Difference between revisions of "Amplitude modulation"

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==Mathematical Setting==
 
==Mathematical Setting==
   
The output signal is the simple product of incoming signal and Carrier Signal.
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The output signal is the simple product of incoming signal and Carrier Signal with frequency ''f'':
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''output(t) = input(t) * sin(f * t)''
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''TODO: it would be nice to type formulas in TeX, is this working in this wiki?''
   
   
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''it would be nice to have a picture showing how AM signals in the frequency spectrum behave and how much bandwidth they allocate. A short overview of AM-related problems would be nice, too. Has anybody of you this info handy?''
 
''it would be nice to have a picture showing how AM signals in the frequency spectrum behave and how much bandwidth they allocate. A short overview of AM-related problems would be nice, too. Has anybody of you this info handy?''
   
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''what about noise sensitivity?''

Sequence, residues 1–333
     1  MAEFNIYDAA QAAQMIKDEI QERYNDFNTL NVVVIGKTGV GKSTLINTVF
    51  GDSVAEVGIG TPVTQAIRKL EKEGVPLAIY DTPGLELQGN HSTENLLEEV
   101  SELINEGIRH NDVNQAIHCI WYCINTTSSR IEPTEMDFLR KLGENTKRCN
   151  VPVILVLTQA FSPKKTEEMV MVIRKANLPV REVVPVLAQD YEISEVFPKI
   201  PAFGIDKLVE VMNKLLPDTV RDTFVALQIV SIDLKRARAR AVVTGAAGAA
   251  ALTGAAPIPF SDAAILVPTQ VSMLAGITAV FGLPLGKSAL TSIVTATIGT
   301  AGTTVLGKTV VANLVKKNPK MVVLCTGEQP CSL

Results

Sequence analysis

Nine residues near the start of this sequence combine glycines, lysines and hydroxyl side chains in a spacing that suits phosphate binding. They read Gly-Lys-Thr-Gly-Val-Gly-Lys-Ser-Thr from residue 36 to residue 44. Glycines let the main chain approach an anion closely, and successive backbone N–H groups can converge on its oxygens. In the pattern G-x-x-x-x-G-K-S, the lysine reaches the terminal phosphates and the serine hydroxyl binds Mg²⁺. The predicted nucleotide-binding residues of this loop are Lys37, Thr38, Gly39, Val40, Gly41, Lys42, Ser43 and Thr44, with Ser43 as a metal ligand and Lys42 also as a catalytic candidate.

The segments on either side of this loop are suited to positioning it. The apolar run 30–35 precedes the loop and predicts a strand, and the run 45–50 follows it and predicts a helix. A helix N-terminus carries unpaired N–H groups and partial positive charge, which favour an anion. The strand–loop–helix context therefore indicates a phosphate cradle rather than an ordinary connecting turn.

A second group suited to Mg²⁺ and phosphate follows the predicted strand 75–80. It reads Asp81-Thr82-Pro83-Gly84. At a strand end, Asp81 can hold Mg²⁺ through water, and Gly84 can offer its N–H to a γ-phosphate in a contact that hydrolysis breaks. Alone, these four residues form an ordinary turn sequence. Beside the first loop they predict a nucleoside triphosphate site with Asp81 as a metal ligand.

==Links==
 
==Links==

Revision as of 14:20, 27 September 2004

What is AM?

Amplitude Modulation is the done by modulating the Amplitude of an sinoid Carrier signal using the incoming signal.

The Carrier signal is a sinusoid with a fixed Frequency at least twice as high as the highest frequency occuring in the spectrum of the incoming signal. Usually a much higher frequency is choosen.

Amplitude Modulation schemes have been widely used in Analog Radio.


Mathematical Setting

The output signal is the simple product of incoming signal and Carrier Signal with frequency f:

output(t) = input(t) * sin(f * t)

TODO: it would be nice to type formulas in TeX, is this working in this wiki?


An Example

Carrier Signal in time domain Carrier Signal in frequency domain (to be added)
Modulating Signal in time domain Modulating Signal in frequency domain (to be added)
AM Signal AM Signal in frequency domain (to be added)


Special Kinds of AM


Aquired Bandwidth

it would be nice to have a picture showing how AM signals in the frequency spectrum behave and how much bandwidth they allocate. A short overview of AM-related problems would be nice, too. Has anybody of you this info handy?

what about noise sensitivity?

Links